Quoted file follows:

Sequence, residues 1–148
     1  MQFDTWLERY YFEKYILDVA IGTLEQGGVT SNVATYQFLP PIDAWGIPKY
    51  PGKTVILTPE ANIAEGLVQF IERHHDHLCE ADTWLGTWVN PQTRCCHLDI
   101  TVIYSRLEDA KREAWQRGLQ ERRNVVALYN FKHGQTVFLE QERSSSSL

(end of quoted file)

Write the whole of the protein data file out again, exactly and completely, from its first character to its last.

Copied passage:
Sequence, residues 1–148
     1  MQFDTWLERY YFEKYILDVA IGTLEQGGVT SNVATYQFLP PIDAWGIPKY
    51  PGKTVILTPE ANIAEGLVQF IERHHDHLCE ADTWLGTWVN PQTRCCHLDI
   101  TVIYSRLEDA KREAWQRGLQ ERRNVVALYN FKHGQTVFLE QERSSSSL